Sir Isaac Brock memorial coins to be minted
- 25 September 2012
- From the section Guernsey
Ahead of the 200th anniversary of the death of Guernsey military hero Maj Gen Sir Isaac Brock, a coin is issued in his memory by the Guernsey Mint.
The commemorative coins, available in silver or gold, were designed by Oliver Brock, a seventh generation descendant of Gen Brock.
Mr Brock said one side would show a representation of Sir Isaac based on the only portrait done during his life.
Their sale will raise funds for the Brock Memorial Foundation.
Maj Gen Brock, who was born in Guernsey, was killed while leading a Canadian army against an American invasion at the Battle of Queenston Heights, in Ontario, on 13 October 1812.
It was his involvement in the capture of Detroit, in Michigan, in August of the same year that earned him his knighthood.
His descendant said the aim of the foundation was to "provide support for projects that celebrate the legacy of Sir Isaac Brock".
He said: "One of these is the restoration of First Nation gravestones in the Mohawk territory.
"The graves were desecrated and they've been all mixed up and the First Nation people have no funds to do it.
"Those kind of things that help to remember Brock, relative to what he was doing and what was happening at the time, and we're on the hunt for projects we can support as well."
Production of the coins is due to begin on Friday and Mr Brock said the reserve side was made up from a variety of elements relating to the Battle of Queenston Heights.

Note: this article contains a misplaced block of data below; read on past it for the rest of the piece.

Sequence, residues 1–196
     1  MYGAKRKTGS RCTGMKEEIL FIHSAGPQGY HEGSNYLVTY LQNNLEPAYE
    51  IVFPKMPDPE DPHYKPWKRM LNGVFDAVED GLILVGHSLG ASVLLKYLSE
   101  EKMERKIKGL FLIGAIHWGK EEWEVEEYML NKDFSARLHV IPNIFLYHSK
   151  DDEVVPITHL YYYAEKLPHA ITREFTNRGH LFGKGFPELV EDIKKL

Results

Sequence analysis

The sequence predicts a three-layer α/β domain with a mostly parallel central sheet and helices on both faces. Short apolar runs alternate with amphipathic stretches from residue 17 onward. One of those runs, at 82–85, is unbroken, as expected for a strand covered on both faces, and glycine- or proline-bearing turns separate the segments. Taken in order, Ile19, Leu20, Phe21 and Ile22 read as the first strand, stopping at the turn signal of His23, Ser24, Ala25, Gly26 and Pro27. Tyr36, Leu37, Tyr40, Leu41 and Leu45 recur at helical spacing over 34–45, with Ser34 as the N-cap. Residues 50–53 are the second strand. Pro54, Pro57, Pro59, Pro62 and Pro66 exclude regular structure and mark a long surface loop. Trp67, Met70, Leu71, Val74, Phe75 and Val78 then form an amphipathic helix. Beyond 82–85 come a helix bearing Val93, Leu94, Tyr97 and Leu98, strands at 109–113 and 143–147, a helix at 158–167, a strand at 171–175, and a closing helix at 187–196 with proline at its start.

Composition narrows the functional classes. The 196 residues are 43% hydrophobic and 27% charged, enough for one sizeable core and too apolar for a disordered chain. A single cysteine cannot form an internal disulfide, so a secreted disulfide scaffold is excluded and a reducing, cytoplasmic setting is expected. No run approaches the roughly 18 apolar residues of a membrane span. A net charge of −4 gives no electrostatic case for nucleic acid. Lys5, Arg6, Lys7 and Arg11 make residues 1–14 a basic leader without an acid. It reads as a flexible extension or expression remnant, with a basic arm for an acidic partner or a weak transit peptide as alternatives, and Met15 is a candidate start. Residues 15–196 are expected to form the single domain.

He said: "It starts at the base with a litter of maple leafs, it transfers from that into a map of the battlefield with some of the key manoeuvres on the day.
"Then up towards the top edge there's a scene as if Sir Isaac was charging up the hill, what he would have seen of the Americans in the redoubt at the time of his death.
"The main feature is a part profile of a musket ball rising out of the surface of the coin giving the impression of the musket ball coming directly at him at that moment and taking his life on that day."
Mr Brock said: "We went through literally hundreds of design options in terms of urns and typical commemorative kind of activities.
"Then we thought lets give him the energy, he died in battle, he died charging up the hill, that's what he's known for and the Canadians celebrate him for that as their national hero.
"So to have the coin full of energetic imagery was essential."